Pubdate: Thu, 07 Jan 2016
Source: National Post (Canada)
Copyright: 2016 Canwest Publishing Inc.
Author: Tasha Kheiriddin
Page: A10


Will Prime Minister Justin Trudeau's promise to legalize pot go up in
smoke, or will he turn into an activist and try to convince other
countries to liberalize their drug laws, as well? That's the choice he
faces, if he doesn't want Canada to run afoul of its international

A government briefing note, obtained this week by the Canadian Press,
identified three major drug treaties that Canada would contravene if
Trudeau legalized marijuana. "All three require the criminalization of
possession and production of cannabis.=C2=85 As part of examining
legalization of cannabis possession and production, Canada will need
to explore how to inform the international community and will have to
take the steps needed to adjust its obligations under these

Trudeau may be popular, but when it comes to legalizing pot, selfies
may not be sufficiently persuasive. Yes, there are legalization
movements in Europe, as well as Latin and South America. Uruguay
legalized marijuana and Mexico's Supreme Court ruled in November 2015
that producing and consuming marijuana was a "human right." Five
American states will hold referenda on cannabis legalization in 2016,
potentially joining Alaska, Colorado, Oregon and Washington, where the
drug is now permitted. But as a whole, the world's governments are not
warm to weed and depending on who gets into the Oval Office next year,
Trudeau could get serious pushback on his plans.

For Trudeau, the question will be how much time he wants to devote to
pot versus other priorities - and how much political capital he is
willing to burn. He already has to contend with the provinces, whose
governments hold differing views on the subject and who ultimately
would be responsible for regulating the production, consumption and
sale of cannabis. But the real question Canadians should ask
themselves is: what's the motive here? Is it to respect Canadians'
choices and protect children, as Trudeau claims, or is there something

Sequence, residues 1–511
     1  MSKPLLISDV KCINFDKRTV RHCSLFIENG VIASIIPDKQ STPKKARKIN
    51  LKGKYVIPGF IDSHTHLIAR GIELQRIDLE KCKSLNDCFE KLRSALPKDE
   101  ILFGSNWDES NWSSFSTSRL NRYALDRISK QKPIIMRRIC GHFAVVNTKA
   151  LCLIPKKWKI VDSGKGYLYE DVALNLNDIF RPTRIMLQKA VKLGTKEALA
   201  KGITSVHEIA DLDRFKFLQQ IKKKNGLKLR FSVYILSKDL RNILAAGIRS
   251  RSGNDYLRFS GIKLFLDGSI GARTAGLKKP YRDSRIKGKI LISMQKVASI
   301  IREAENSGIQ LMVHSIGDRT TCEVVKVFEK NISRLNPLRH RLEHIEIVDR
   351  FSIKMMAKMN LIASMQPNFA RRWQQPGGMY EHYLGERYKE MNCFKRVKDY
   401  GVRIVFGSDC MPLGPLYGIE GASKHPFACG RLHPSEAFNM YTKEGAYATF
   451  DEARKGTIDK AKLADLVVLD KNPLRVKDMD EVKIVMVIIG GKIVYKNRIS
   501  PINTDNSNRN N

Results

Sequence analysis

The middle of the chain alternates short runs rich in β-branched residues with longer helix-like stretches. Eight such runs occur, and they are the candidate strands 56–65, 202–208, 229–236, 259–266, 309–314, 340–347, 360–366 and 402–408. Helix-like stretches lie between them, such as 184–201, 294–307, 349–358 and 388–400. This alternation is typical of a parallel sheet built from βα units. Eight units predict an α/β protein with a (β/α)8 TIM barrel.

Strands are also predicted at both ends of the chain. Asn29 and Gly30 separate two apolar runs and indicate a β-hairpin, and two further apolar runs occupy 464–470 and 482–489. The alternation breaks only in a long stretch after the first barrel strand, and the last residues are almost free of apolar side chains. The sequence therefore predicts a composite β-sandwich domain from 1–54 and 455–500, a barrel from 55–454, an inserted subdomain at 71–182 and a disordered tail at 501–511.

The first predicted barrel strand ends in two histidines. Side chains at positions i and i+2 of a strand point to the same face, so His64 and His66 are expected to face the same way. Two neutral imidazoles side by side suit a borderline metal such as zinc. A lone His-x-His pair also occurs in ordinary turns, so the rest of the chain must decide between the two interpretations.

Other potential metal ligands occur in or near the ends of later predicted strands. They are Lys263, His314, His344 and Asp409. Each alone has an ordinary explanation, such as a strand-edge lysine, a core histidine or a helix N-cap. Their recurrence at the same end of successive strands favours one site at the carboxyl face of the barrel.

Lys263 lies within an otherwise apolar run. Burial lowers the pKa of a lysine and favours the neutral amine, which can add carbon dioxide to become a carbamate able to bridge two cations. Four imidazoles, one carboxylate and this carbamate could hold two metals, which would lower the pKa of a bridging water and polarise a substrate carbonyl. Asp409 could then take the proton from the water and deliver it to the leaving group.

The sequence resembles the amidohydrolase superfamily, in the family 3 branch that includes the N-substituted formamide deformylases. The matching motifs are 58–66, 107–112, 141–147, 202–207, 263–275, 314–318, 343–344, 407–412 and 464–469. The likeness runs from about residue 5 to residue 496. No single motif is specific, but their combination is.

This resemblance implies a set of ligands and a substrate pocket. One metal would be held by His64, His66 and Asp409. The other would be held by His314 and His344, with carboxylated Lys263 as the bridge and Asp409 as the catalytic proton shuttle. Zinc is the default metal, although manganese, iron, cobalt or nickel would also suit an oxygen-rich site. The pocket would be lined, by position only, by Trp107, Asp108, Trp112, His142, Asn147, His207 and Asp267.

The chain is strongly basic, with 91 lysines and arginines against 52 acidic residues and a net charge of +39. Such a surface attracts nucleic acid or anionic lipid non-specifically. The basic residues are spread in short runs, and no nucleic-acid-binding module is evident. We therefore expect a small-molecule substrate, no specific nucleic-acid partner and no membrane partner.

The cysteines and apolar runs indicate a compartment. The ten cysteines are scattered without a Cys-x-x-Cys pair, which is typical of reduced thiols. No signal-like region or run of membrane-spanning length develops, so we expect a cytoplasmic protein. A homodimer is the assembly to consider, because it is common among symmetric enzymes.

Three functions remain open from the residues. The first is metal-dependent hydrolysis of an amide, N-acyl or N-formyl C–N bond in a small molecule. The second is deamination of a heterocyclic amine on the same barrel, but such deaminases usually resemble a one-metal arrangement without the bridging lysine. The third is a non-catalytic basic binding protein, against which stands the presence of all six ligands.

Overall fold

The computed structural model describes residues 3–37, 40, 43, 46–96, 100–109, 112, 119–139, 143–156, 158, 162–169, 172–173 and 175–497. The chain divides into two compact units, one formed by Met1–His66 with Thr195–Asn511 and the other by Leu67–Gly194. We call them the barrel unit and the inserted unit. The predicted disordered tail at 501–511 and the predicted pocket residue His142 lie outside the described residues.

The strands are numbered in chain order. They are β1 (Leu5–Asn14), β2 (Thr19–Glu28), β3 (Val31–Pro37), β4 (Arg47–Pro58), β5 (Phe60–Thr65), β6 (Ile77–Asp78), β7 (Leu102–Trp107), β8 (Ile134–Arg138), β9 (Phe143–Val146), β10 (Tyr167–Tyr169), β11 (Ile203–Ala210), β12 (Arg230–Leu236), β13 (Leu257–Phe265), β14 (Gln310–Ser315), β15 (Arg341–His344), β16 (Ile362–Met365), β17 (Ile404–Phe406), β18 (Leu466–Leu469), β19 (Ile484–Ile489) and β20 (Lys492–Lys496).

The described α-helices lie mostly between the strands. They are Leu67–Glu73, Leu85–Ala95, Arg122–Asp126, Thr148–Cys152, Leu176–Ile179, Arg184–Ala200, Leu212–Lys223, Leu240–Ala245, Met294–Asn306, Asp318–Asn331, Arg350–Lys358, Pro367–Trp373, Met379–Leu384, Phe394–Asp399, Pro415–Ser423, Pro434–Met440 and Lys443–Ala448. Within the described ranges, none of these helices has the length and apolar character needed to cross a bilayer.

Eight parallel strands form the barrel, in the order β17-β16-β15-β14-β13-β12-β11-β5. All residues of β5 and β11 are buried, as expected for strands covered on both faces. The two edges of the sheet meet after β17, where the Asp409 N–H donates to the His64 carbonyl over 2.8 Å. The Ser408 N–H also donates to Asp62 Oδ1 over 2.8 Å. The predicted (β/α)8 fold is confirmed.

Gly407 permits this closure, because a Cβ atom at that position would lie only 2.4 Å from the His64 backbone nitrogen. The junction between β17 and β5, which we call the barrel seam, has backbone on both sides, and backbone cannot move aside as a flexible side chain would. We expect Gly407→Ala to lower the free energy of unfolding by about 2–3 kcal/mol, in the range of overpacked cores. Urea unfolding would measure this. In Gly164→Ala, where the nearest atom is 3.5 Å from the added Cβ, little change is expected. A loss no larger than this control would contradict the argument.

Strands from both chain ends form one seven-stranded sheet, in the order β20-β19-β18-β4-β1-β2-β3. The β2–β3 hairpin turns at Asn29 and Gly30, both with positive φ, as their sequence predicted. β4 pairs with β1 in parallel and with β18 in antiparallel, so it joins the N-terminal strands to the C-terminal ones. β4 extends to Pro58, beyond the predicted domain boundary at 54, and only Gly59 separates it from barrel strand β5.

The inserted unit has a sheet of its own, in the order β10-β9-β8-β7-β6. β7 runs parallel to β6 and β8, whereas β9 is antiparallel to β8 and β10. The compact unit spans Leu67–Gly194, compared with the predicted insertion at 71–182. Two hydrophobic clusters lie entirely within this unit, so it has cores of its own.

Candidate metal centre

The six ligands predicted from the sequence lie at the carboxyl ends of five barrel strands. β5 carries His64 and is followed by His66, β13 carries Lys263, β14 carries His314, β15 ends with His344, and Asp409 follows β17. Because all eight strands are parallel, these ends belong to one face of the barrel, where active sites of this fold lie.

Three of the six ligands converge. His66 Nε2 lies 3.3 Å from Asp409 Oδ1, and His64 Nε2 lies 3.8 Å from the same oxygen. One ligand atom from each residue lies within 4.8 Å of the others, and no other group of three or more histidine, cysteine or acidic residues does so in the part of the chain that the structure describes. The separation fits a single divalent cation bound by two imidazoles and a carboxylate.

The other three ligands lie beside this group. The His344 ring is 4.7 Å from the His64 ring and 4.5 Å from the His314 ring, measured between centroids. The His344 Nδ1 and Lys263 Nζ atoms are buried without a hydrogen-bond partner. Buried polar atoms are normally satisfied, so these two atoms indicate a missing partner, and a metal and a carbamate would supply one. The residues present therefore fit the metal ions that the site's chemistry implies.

else at work?

If the goal is to stop throwing people in jail for possessing small
amounts of marijuana, Ottawa doesn't need to legalize it.
Decriminalization would achieve this, effective immediately. In 2014,
over 40,000 Canadians were arrested for simple marijuana possession,
up from 4,000 in 2004. Decriminalizing possession would mean those
users would not get a criminal record. Provinces would be free to
issue tickets, if they choose, but pot use would not be normalized and
the drug would not be easier to obtain - for kids or adults.

Legalization, however, changes the game. On a social level,
legalization would fully destigmatize cannabis consumption, by putting
it in the same category as tobacco and alcohol. Pot proponents will
say that's a good thing, especially when it comes to teens: since it
is no longer "forbidden," it might be less attractive and use among
minors might decline. Opponents will disagree: young people will still
see it as cool, perhaps even more so, because they think the person
championing its legalization, Trudeau, is cool, too. ( Hey, doesn't he
hang out on Google? And take kids to see Star Wars?)

But the major, undeniable impact of legalization is financial. Forget
fines gleaned from decriminalization: the tax revenue from legal pot
is the prize. To wit: in the first seven months of 2015, Colorado took
in $ 70 million in marijuana sales taxes, nearly double what it made
on alcohol. The amount far exceeded expectations, as well as taxes
generated the previous year, when cannabis was officially legalized.

Why the uptick? Social acceptance. In the words of Tyler Henson,
president of the Colorado Cannabis Chamber of Commerce, "I attribute
it to =C2=85 more and more people (being) comfortable with the legalizati
of marijuana.=C2=85 They don't see it as something that's bad for them." 
other words, they're using more - and that means more money for state
and local coffers.

Trudeau can deny it all he wants, but saying that Ottawa expects only
a "bit of revenue" from legalization that will be diverted into drug
education and rehab is laughable. Ontario Premier Kathleen Wynne is
already salivating over the prospect of the province's liquor
monopoly, the LCBO, becoming a giant dispensary. Before long, the
province's newspapers could be stuffed with glossy inserts promoting
the Bud of the Week - and shovelling the revenue towards Ontario's
$10-billion deficit.

All the pro-pot advocates who think Trudeau and Wynne are so
progressive, should take a sober second look at their motives. If it
was about people growing ganja on their balcony or smoking the
occasional joint, they would decriminalize and stop there. They
wouldn't boost social acceptance of marijuana and they wouldn't risk
aggravating our international allies. But that wouldn't bring in a red
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